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(PP021) Lactate consumption by the rat R3230 mammary adenocarcinoma.
Richardson, Rachel*,1, Gamcsik, Michael2, Biaglow, John3, Dewhirst, Mark, 1 Radiation Oncology, Durham, NC, USA2 Medicine, Durham, NC, USA3 Radiation Oncology, Philadelphia, PA, USA
ABSTRACT- Many tumor types have been shown to have high glycolytic rates resulting in high lactate levels and decreased pH in tumors. Lactate is usually thought of as an end-product of glycolysis that is transported out of tumor cells to be recycled by other tissues including: liver, heart, and skeletal muscle. However, recent evidence suggests lactate can be consumed by tumor cells, most likely for energy production. We demonstrate that the R3230 rat mammary adenocarcinoma consumes 13C-labeled lactate in vivo using 13C-NMR spectroscopy. Additionally, we show that the lactate is converted into alanine and glutamate, both in vivo and in vitro. This is one of the first studies to demonstrate lactate is consumed by tumor cells and it is the first to show that this consumption results in alanine production. The R3230 tumor also has been shown to avidly take up glucose and produce lactate. Based on this combined data we hypothesize there may be a symbiotic relationship between different cells in the same tumor. Consequently, some tumor cells may consume glucose and produce lactate, which other cells can utilize. Alanine is a substrate for G-protein production and for porphyrin synthesis, both of which could provide tumor cells with growth advantage. If the metabolic interaction occurs between lactate producing and lactate consuming cells, it could provide a significant survival advantage for those tumor cells that are less well oxygenated. This work was supported by grants from the NIH CA40355 and add your grant.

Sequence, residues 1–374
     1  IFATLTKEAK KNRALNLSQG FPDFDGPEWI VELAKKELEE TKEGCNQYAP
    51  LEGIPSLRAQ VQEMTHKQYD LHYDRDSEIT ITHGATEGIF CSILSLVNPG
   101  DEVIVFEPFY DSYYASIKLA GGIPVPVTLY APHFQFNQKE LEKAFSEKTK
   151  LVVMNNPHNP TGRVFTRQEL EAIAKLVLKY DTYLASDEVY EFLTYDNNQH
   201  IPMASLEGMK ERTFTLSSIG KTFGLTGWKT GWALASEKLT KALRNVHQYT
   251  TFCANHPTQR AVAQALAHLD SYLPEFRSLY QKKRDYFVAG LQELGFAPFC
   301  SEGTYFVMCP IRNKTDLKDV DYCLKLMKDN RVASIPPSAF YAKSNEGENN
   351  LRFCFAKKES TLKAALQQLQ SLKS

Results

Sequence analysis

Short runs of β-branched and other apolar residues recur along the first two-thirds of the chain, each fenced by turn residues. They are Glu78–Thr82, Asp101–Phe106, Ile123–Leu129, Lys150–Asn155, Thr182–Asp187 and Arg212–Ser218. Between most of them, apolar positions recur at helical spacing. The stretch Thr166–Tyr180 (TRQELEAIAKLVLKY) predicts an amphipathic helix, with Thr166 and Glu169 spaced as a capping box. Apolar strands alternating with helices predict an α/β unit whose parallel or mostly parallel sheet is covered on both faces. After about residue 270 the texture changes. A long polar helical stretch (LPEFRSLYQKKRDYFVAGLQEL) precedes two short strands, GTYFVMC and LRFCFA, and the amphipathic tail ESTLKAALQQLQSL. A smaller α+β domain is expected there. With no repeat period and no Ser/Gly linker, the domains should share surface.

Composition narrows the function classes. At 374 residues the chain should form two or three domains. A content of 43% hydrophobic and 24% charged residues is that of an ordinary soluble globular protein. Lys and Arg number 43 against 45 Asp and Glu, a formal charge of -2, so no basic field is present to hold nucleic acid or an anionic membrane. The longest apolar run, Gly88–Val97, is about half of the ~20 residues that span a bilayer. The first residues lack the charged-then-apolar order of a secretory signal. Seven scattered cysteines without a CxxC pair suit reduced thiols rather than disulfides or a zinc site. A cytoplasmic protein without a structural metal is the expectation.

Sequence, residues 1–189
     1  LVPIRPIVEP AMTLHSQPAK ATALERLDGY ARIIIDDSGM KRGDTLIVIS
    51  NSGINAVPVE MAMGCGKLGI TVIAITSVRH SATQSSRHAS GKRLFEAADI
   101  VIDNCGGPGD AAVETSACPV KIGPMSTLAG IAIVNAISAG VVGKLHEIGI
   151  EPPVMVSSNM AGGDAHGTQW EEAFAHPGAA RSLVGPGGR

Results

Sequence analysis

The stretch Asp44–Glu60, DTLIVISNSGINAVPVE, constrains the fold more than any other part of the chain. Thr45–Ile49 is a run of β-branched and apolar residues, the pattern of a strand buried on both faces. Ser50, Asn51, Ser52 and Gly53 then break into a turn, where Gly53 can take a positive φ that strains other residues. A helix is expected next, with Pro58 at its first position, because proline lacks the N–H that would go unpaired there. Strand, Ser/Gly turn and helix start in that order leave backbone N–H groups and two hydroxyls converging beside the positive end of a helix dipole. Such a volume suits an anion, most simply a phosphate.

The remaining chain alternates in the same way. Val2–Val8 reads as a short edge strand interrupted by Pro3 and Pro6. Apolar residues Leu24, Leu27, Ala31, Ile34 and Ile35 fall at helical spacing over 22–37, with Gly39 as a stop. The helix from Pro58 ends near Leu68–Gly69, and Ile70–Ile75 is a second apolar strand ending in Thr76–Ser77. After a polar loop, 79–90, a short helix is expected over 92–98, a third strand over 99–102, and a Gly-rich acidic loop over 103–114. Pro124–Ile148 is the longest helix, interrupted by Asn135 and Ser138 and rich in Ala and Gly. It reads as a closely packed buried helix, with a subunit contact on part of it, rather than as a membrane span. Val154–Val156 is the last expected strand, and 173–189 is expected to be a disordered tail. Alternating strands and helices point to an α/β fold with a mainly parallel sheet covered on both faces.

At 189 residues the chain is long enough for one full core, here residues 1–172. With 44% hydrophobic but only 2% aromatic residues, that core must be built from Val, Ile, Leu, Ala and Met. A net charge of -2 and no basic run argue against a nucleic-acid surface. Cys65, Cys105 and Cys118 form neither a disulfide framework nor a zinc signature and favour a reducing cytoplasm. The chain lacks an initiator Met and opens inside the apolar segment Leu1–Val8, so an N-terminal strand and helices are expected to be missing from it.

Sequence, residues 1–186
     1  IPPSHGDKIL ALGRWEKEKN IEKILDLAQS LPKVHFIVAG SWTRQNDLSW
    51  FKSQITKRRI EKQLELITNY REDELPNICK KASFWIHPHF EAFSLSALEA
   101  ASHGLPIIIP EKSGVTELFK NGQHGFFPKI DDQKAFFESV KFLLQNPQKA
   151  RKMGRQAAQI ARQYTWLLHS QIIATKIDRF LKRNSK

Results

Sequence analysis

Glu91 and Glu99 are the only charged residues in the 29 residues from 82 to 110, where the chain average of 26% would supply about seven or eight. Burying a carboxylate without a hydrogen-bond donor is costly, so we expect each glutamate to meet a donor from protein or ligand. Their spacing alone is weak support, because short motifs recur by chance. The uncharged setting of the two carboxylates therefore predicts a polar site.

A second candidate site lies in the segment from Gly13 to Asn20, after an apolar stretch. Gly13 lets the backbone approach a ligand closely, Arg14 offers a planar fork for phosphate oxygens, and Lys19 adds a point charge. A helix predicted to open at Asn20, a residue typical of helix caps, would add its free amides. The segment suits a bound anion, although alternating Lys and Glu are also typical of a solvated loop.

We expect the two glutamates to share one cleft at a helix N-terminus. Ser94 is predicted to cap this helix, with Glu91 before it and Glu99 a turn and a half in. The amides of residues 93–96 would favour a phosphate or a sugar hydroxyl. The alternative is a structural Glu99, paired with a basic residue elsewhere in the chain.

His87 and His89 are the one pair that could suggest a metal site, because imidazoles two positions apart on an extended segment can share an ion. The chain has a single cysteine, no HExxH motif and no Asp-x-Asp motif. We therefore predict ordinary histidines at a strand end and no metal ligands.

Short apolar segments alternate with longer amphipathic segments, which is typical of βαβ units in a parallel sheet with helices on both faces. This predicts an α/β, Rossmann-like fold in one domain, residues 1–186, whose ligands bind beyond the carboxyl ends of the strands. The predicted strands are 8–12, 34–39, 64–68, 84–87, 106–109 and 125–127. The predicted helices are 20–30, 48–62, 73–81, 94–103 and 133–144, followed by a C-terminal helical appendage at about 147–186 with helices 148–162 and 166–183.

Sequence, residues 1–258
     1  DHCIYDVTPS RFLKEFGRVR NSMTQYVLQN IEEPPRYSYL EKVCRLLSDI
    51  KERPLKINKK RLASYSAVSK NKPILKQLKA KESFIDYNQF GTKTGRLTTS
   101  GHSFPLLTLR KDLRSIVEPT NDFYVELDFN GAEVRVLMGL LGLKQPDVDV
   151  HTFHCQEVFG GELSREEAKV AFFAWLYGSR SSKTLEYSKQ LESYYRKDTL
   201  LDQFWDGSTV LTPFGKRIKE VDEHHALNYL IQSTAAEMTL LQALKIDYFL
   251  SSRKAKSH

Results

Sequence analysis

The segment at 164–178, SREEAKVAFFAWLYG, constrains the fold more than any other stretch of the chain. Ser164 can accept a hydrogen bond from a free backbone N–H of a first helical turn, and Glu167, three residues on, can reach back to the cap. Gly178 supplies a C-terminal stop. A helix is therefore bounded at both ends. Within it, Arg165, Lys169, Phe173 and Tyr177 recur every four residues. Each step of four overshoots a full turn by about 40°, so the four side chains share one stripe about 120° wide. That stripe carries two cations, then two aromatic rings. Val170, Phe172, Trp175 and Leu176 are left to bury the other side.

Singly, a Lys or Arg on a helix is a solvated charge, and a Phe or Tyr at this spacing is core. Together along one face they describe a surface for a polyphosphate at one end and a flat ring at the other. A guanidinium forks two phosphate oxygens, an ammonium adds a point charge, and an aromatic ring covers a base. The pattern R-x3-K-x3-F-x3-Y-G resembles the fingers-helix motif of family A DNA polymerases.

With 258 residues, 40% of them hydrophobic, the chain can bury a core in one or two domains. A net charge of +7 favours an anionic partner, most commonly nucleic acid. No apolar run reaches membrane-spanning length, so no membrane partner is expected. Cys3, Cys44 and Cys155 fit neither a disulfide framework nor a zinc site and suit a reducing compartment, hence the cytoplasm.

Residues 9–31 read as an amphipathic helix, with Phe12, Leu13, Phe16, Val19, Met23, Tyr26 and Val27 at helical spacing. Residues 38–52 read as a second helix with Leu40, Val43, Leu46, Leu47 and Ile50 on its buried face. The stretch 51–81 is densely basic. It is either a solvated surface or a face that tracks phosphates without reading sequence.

Key words: lactate, metabolism, tumor, glucose
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